As reported in Black Enterprise Magazine, “While multiple reports have shown rising interest in financing Black-owned small businesses, a new study shows an underlying problem still remains. According to the “State of Minority Business, March 2022” report by Creative Investment Research, there has been less understanding of the core issues small Black-owned firms face in gaining funding to start or grow enterprises.”
From Chap 2: Thriving As a Minority-Owned Business in Corporate America – Building a Pathway to Success for Minority Firms.
We are very familiar with these types of promises, having launched the first website focusing on financial support for minority communities in 1995 and a new website to monitor such corporate pledges.
Yet it appears that only $188 million of that $7 billion is money someone can reasonably expect to get their hands on. Further, in certain sections of the Black community, there is concern about the effectiveness of the traditional organizations identified as recipients of the pledges. And there appears to be less concern with newer, trending organizations.
In a recent survey of customers banking at black-owned banks, the results suggest most consumers who do not use Black banks are concerned about their financial stability, and have not been able to leverage financial resources from these institutions.
Programs that rely on secondary institutions to provide capital to already underutilized Black-owned banks add another stumbling block to the effort to get capital where it is needed.
Certainly, more money will help. But there may be more effective methods such as creating a digital wallet and currency to get money directly to affected communities without the need for money-sapping intermediaries; or creating a large credit program at the Federal Reserve. The latter approach holds the most promise.
Recall that the Federal Reserve Board created a secondary market corporate credit facility to purchase a more diversified portfolio of corporate bonds that include supporting large employers. Regrettably, very few Black-owned firms are eligible for this program, having been locked out of the corporate-debt market largely due to discrimination, both involuntary and self-imposed.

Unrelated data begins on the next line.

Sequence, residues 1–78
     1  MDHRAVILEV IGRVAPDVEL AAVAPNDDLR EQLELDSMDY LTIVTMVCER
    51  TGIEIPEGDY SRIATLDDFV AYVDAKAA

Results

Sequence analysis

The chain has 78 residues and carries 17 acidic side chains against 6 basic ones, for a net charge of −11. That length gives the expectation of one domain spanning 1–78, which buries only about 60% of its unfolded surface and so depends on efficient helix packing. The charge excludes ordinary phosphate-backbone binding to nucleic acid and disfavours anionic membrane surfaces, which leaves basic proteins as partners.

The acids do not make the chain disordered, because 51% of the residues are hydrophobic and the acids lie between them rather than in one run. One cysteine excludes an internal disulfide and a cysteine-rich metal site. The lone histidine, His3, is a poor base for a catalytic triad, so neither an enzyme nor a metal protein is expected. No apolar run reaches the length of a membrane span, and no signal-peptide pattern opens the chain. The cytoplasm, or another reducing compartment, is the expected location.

The Fed also created the Main Street Lending Program meant to encourage cash flows to small and midsize businesses by purchasing up to $600 billion in loans. But already, the number of black-owned small businesses plummeted by 41% between February and April when the coronavirus pandemic started in the U.S., according to a working paper published by the National Bureau of Economic Research.
The financial losses to the Black-owned businesses is estimated at $23 billion due to the pandemic. Therefore, the Fed should allocate $23 billion of the $600 billion in its Main Street program to Black-owned firms, using a wide array of financial instruments and techniques.
Lastly, Black people need a truly collaborative and cooperative effort — in and by the Black community — a community often trained to be cutthroat to each other given the paucity of resources at its disposal. After Creative Investment Research, in the public spirit, disseminated an estimate of corporate pledges to the Black Lives Matter cause (at $1.6 billion), several foundations made donations totaling $1.7 billion.
Now is the time to let go of bad habits for the survival of the Black community. In so doing, they can also show the world the way out of the crisis.
Published July 07, 2020, 10:23 a.m. EDT in the American Banker Newspaper. https://www.americanbanker.com/opinion/black-communities-need-more-help-from-fed